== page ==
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Title: Acoustic performance of dissipative and hybrid silencers in ducts with large transverse dimensions
Authors: Williams, Paul Timothy
Keywords: Gas turbine silencer;Transmission loss;Reactive silencer;High temperature;Bulk acoustic properties
Issue Date: 2015
Publisher: Brunel University London.
Abstract: Numerical models will be developed for the prediction of silencer transmission loss under the operating conditions present in gas turbine exhausts. In these systems the large diameter ducts and high operating temperatures produce a challenging acoustic environment due to the unverified behaviour of fibrous materials at high temperatures and the existence of complex sound fields. To understand the behaviour of fibrous materials at high temperatures their bulk acoustic properties are measured using a modified impedance tube which can heat material samples up to a temperature of 500 C. It will be demonstrated that the high temperature material properties can be extrapolated from room temperature measurements given knowledge of the temperature dependant flow resistivity. Finite element numerical models using point collocation and mode matching techniques to predict the transmission loss of silencers are developed and successfully validated. Dissipative silencer designs with various cross-sectional designs are explored numerically and experimentally according to common industry standards. It is demonstrated that transmission loss may be optimised by the arrangement of the fibrous material across the cross-section. The accurate numerical models allow for effe cient silencers to be designed reducing silencer size and cost. A new hybrid silencer is presented combining dissipative and reactive elements with the aim of increasing the low frequency attenuation of large silencers while maintaining an effective broadband spectrum. Measurements and predictions show this innovative design to be successfull. Application of the hybrid silencer allows for more flexible noise control solutions when design is limited by low frequency noise.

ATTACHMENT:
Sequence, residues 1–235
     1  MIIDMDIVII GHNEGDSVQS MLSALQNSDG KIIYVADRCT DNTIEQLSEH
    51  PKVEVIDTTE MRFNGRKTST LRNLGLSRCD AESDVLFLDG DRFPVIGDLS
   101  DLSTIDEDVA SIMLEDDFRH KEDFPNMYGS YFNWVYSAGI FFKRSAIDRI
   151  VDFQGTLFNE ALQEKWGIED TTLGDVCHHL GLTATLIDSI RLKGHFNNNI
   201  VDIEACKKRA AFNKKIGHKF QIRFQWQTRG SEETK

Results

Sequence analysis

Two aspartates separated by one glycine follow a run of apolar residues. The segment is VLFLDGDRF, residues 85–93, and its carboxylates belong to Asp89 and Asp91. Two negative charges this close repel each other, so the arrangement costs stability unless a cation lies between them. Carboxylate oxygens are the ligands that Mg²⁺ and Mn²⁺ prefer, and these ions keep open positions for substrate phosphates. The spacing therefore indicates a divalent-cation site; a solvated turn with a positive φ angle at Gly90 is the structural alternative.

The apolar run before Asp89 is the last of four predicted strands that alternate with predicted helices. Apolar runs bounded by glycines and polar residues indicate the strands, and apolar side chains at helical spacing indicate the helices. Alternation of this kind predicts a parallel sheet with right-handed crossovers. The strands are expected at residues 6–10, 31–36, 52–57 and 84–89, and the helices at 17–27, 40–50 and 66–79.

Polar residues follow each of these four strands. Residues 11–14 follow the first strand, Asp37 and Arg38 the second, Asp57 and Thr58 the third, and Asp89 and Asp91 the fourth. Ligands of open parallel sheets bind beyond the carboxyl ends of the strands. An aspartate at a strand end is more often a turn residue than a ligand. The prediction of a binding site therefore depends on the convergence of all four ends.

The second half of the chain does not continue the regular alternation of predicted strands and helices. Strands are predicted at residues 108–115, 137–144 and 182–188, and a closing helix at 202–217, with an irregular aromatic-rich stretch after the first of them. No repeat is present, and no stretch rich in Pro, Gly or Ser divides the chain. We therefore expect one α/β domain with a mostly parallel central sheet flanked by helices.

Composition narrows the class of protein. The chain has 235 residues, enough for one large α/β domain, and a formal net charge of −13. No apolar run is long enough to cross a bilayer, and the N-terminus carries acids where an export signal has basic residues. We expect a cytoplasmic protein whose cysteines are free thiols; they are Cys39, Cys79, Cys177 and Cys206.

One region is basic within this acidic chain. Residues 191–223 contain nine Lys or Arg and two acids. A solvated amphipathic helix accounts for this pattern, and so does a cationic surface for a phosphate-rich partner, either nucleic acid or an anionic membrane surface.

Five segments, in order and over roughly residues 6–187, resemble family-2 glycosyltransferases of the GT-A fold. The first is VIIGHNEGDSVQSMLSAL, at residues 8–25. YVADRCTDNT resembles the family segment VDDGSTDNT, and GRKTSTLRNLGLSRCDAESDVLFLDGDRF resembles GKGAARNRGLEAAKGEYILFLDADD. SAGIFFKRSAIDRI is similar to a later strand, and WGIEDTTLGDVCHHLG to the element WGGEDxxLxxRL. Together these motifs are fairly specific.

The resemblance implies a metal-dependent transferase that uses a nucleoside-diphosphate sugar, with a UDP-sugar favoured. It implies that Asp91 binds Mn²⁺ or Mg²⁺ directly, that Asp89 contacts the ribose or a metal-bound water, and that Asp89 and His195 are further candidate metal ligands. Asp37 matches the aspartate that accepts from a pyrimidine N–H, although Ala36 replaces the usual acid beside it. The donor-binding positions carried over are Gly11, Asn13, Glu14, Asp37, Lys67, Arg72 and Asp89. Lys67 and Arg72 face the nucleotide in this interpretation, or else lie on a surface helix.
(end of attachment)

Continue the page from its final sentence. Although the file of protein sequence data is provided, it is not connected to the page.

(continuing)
Description: This thesis was submitted for the award of Doctor of Philosophy and was awarded by Brunel University London.
Appears in Collections:Mechanical and Aerospace Engineering
Dept of Mechanical Aerospace and Civil Engineering Theses

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